Thursday, July 11, 2013

Passing of a Loved One - Life Goes On

Two weeks ago I wrote my last post on blogging fun and other time commitments. Little did I even think that my mother would pass away unexpectedly two days later. So for the past two weeks I have been naviating through funeral arrangements and estate processing, not having a clue where we as a family really stand legally. For as many wills, probates, funeral homes and cemeteries we deal with as genealogists this is certainly another aspect of how we handle the affairs of our lives.

Right now I feel overwhelmed and unsure how to react to much of the information others are sharing with me. Speaking with the lawyer has helped some, but there are so many unknowns. While I grieve for my mother I so want to honor her by doing the right things. She gave me clear instructions as to what I need to do, but so much changed in her life since she wrote her last will in 1991. Now we have to come to terms with how the legal system works according to the current laws in our state.

Can anyone possibly prepare for this situation? The greatest thing that is helping me is my immediate family and my three siblings. The funeral was lovely and the chapel was full of her family, friends and acquaintances. Her favorite color was purple and it could be seen everywhere in the room. She should have lived another twenty years, but it is her time to depart this life. The passing of a loved one is surely one of the greatest challenges in life, but life does go on. My prayer is that we all find peace in the process and move forward together.


  1. I'm so sorry for your loss Susan. My condolences to you and your family.

  2. I'm so sorry, Susan. My sincere condolences and prayers for you and your family.

    You cannot prepare well for this situation. Just take it a day or week at a time, work with your family to prepare lists of things to do, follow the lawyer's guidelines, and it will eventually be over.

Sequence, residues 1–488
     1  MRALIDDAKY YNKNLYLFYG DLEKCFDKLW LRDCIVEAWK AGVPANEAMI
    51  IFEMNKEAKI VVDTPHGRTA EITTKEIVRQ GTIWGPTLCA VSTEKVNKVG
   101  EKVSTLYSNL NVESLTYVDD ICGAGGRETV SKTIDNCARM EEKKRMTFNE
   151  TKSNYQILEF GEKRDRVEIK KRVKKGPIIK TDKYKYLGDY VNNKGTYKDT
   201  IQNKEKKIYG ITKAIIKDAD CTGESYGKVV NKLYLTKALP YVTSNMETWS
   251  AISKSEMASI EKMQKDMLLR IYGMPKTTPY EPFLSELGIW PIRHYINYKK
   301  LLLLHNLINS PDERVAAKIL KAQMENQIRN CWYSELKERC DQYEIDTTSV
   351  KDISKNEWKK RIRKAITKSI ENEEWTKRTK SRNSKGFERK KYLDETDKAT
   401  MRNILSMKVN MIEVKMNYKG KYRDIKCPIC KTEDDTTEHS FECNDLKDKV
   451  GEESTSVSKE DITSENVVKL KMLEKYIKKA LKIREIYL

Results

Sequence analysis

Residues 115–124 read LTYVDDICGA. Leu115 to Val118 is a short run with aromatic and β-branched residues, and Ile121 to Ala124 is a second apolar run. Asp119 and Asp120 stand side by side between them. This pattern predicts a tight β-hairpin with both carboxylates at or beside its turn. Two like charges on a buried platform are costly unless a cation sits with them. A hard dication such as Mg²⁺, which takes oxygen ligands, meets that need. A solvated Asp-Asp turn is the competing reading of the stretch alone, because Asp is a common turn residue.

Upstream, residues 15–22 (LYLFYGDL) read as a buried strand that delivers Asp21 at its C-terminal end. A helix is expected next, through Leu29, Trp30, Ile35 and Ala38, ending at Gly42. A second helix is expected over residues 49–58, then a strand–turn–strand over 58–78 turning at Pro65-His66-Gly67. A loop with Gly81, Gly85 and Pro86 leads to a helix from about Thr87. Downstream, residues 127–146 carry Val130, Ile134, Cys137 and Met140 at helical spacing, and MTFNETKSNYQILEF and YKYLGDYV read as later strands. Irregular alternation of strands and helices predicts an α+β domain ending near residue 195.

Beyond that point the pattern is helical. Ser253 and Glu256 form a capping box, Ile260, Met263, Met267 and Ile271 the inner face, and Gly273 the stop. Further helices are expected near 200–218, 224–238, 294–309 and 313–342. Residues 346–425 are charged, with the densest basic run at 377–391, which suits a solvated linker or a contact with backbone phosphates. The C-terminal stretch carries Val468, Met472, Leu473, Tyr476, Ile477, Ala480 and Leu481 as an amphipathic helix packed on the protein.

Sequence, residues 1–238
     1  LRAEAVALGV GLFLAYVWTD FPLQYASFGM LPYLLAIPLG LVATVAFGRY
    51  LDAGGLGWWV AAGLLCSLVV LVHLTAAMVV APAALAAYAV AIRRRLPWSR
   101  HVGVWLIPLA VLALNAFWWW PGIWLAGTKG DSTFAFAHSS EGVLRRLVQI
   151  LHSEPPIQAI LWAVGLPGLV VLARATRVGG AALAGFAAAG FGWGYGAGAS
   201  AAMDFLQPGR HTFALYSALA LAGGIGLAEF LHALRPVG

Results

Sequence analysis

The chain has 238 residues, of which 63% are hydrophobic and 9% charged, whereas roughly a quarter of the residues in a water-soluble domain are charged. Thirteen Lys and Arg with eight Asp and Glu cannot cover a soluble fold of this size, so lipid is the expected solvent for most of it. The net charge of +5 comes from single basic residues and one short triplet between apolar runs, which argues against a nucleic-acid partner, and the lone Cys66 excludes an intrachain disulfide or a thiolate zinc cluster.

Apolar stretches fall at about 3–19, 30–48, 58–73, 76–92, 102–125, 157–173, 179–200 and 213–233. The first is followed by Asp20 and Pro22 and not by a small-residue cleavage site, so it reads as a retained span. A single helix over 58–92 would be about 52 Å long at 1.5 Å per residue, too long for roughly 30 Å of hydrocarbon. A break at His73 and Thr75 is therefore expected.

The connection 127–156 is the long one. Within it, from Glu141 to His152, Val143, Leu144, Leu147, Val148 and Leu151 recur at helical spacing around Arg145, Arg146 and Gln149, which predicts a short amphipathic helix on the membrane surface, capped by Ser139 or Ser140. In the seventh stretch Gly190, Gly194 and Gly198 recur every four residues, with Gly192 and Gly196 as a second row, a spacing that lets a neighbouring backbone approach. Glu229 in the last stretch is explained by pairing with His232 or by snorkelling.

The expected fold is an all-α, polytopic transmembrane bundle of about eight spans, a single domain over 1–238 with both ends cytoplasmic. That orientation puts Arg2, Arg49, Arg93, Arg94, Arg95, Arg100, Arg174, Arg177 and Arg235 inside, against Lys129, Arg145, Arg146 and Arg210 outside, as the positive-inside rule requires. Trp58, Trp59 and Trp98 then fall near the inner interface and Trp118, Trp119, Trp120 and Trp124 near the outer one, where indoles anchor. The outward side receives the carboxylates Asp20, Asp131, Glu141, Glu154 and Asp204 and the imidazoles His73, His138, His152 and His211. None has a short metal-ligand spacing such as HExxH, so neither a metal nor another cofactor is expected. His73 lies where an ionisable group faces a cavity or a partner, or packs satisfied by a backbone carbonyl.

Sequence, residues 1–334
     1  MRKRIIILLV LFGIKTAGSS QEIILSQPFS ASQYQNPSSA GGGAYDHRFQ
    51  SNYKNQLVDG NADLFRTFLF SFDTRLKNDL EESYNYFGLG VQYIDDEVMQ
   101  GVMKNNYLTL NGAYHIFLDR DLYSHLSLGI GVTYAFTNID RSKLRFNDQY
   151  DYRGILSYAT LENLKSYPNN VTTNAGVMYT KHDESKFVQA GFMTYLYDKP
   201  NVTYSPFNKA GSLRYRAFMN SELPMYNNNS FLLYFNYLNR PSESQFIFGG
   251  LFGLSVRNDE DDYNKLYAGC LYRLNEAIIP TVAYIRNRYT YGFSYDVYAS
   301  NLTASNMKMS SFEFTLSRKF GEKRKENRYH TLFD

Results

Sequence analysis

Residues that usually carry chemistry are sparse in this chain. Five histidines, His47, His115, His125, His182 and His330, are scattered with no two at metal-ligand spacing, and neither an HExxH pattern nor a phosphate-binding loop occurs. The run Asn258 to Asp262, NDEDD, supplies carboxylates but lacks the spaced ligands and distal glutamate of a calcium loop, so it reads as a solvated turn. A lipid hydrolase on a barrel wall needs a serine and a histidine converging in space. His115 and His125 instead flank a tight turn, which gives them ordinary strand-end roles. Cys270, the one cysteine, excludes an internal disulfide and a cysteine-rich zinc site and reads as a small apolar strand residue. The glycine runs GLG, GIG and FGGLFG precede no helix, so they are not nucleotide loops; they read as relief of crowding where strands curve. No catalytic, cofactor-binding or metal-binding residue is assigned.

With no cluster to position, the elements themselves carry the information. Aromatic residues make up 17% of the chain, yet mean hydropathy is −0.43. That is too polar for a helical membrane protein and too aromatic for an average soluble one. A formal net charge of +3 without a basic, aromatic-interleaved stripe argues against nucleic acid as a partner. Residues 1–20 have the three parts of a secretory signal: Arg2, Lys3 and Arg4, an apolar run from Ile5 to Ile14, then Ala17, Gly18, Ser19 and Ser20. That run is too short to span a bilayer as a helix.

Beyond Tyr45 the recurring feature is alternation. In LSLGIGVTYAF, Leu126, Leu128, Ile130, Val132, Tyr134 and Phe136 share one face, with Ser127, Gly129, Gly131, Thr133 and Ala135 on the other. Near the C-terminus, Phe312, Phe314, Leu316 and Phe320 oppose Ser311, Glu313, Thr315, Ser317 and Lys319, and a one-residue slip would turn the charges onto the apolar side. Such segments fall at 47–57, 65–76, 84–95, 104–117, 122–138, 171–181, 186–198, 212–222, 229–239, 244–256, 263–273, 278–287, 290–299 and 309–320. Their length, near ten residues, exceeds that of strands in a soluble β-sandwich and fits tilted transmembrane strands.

You will, I think, look forward to finding her "treasures" and finding a good home for each one of them. I hope that you find many of them so that your memories are overloaded with her goodness and personhood. It's part of the grieving process.

    We knew my mother was going to die soon in early January, and we knew there was a trust, and an attorney. We emptied the house as a family (me and my two siblings, and our spouses and kids), finding homes for everything, or selling or donating them (four generations of stuff). There wasn't really "enough" for an estate sale. We knew that the "pot at the end of the rainbow" was selling the house, so we made that our focus, and it sold fairly quickly and we all appreciated the thrift and wisdom of my great-grandparents, grandparents and parents. Through all of this, the three families had no arguments, no disagreements, just a common purpose. We have wonderful memories of finding mom's "treasures" plus things that she probably didn't even know about up in the back of the closet (her parents "treasures").

    Good luck and all the best. Please share some of the treasures you do find on your blog when you can. I'll be reading!

  3. Susan, I am so sorry for your loss and know your mind must be swimming. Stay strong and try to focus on one thing at a time rather than everything all at once, as you said, it is very overwhelming.

    I dealt with the loss of my Dad 2 years ago and found unexpected treasures and information among the "junk" accumulated over the years. I learned new things about his life from friends and relatives. I had no idea what to do first, or next with the many hoops to jump through after someone passes away. When we called Social Security to swap my mom's benefit amount for my dad's higher one I couldn't understand why the lady kept asking about whether my dad had ever worked for the railroad. We insisted he had not, a few months later I discovered his railroad pension card from the summer he worked for the railroad in Pawhuska, OK while in high school.

    Now my mother's Alzheimer disease is advancing and I begin again, but with different issues to deal with. It is a learning experience and one day you will only remember the treasures discovered as you go through this process. The rest will be a dim memory.